Every year my family tries to do at least one vacation somewhere. On this adventure, we chose to head down to Charleston, South Carolina for a few days to explore the city and see the sights. Before each trip, I get excited about all the photo opportunities and always end up packing way too much gear.
I wanted to bring my new Holga wide pinhole camera to capture some medium format panorama shots of Charleston’s harbor views, but I had to rethink my grand photographic plans after testing everything. I found out that my only cable release didn’t fully open the shutter window on the Holga. Apparently, the needle of the cable release wasn’t long enough to articulate the plunger in the shutter button. Thankfully, I realized this before leaving!
Since I now had shooting panorama’s on the brain, I reached for the small Ricoh R1s that I picked up from eBay two years earlier. Like many point-and-shoots from the 90s, it has the option to create a super-wide aspect ratio with your 35mm shots. I’ll chat more about these later on.
Initially, I bought the Ricoh because I’m always on the lookout for the perfect everyday camera. Something I can carry with me in a pocket to snap off a quick photo if I see something interesting. On several occasions, I’ve tried to keep it with me as my go-to shooter. (You know the drill- on your way out the door you grab your keys, your wallet, and your camera.) But after daily use and about 20 or so rolls, I eventually went back to carrying my beloved Olympus Infinity Twin, and the R1s just sat in my camera drawer mostly untouched. For me, the 30mm lens was just too wide.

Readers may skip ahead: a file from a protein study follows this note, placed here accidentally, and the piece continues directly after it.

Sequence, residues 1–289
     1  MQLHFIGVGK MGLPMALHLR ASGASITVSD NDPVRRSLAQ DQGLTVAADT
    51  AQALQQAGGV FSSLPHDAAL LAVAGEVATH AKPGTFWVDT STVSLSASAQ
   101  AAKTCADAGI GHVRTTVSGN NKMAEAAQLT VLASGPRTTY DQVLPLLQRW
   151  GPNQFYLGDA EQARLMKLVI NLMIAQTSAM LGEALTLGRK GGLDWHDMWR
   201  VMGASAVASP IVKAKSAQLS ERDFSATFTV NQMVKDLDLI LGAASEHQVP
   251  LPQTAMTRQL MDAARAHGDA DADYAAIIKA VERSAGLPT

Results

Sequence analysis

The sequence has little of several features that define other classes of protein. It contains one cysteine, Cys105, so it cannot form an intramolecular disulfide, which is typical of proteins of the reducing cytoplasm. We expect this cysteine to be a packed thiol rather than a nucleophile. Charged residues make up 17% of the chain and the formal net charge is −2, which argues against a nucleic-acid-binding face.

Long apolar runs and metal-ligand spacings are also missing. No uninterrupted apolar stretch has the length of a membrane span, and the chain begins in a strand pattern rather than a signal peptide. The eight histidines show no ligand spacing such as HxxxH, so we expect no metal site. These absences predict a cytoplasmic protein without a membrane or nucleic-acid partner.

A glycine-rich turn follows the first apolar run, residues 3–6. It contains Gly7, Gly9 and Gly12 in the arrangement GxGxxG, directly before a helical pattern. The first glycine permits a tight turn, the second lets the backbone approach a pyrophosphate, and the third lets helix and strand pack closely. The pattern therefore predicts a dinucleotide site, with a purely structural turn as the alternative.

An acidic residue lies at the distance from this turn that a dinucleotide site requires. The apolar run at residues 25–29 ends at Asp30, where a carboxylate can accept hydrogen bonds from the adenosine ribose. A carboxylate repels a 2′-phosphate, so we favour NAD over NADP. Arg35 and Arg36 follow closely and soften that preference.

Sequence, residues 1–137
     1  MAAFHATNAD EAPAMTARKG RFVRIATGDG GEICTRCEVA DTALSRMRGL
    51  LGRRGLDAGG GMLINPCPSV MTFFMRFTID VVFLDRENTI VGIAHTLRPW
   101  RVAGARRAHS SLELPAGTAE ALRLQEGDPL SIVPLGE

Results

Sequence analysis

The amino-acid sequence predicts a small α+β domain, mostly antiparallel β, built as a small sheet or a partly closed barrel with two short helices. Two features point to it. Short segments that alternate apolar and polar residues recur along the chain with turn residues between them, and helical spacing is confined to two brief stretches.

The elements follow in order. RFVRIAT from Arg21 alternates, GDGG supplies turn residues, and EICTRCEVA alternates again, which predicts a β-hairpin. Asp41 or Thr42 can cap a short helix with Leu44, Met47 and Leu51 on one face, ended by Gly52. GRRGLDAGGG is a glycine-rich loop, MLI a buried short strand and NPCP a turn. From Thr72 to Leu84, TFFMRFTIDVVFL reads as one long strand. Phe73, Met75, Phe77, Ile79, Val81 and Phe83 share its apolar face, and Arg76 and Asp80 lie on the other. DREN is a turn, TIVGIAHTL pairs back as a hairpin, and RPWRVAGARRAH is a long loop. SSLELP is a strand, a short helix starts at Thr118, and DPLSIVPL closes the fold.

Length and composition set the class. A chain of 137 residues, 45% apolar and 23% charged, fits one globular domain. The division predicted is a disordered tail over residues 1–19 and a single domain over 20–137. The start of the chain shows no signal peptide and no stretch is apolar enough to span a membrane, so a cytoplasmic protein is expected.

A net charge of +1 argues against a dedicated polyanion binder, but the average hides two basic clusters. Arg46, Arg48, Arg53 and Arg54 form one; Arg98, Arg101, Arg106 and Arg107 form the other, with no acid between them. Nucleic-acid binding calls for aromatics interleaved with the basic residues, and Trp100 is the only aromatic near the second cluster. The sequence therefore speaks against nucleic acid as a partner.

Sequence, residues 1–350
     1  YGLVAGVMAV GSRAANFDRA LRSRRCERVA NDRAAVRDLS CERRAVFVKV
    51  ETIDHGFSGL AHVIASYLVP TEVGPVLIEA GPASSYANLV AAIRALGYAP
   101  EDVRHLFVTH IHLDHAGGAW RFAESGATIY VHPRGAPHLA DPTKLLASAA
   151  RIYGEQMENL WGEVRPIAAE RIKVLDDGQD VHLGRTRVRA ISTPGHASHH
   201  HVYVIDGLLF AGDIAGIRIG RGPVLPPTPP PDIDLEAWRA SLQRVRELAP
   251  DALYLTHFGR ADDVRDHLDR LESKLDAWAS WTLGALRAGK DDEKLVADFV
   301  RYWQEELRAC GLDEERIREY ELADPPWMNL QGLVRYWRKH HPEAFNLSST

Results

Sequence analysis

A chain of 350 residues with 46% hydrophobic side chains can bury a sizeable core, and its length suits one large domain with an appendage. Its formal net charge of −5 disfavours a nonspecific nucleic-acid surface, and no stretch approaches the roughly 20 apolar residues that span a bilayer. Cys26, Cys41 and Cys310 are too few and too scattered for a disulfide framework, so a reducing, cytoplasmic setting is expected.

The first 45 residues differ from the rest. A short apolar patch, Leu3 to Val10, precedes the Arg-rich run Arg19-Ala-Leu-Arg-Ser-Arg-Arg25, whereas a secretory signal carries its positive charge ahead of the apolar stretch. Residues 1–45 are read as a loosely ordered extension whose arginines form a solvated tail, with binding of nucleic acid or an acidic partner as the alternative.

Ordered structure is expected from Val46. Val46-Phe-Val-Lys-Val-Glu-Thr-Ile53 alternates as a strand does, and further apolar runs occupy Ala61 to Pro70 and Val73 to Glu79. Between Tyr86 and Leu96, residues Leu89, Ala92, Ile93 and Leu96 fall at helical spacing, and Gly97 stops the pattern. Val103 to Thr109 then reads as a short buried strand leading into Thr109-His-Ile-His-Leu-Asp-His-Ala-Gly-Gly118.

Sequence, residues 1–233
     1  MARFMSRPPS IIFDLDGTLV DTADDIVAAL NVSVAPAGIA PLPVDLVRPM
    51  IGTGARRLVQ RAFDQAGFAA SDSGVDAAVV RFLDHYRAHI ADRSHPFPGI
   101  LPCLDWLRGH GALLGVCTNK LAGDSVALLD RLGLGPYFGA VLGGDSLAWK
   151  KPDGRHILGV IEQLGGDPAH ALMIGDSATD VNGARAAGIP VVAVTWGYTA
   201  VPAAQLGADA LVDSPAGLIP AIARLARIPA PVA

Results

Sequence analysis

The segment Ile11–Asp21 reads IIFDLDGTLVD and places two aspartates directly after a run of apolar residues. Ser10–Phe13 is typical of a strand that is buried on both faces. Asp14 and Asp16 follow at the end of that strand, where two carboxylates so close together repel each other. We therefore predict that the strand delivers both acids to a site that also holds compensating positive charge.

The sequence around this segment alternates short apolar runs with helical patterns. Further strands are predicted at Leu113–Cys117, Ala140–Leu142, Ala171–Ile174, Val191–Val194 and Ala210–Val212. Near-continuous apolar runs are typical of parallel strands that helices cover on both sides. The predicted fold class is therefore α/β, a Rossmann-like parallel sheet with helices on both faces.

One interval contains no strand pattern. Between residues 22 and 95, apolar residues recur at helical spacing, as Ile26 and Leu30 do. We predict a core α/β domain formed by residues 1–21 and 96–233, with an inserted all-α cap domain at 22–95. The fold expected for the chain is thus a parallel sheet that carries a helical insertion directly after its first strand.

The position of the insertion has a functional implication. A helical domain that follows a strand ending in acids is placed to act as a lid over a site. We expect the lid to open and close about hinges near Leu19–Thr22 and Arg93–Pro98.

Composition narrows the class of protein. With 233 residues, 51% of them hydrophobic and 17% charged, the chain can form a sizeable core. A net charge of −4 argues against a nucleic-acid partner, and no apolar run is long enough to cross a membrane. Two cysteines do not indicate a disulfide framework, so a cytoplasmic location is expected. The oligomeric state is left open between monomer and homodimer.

Fast forward a few years and here I was again considering the Ricoh, this time as a companion for the trip. While the panorama option is initially what made me think about the Ricoh again, the decision to bring it on the trip was actually after considering its usefulness from a different perspective. Each time I would shoot with the R1s, I was hoping it would turn out to be my everyday carry, because of the compact size. However, the way I prefer to shoot most times is tightly framing or cropping in to feature my subject and eliminate distractions.
But what if I were to purposefully try shooting a bit differently? Instead of needing the Ricoh to fit how I shoot, I could instead try adapting to the strengths of the camera.
Also, thinking about the potential of packing very minimal and all of that gear I didn’t need to haul around was pretty inviting. So it was settled- the Ricoh would be my pocket-sized memory maker. A film diary and storyteller if you will, for this family trip to Charleston.
Fully Automatic, Plus A Few Things
Smaller than my phone, the Ricoh R1s is easily the most pocketable film camera that I own. Its size is arguably one of the best attributes of this camera, as it’s easily toted around and always ready for action.
Other features include a selectable date code and LCD info panels at the top and side of the camera, and LCD guides inside the viewfinder. I really like how there are guidelines that change inside the viewfinder when you select the different aspect ratios to help with your framing. Everything is powered by a single CR2 3v battery.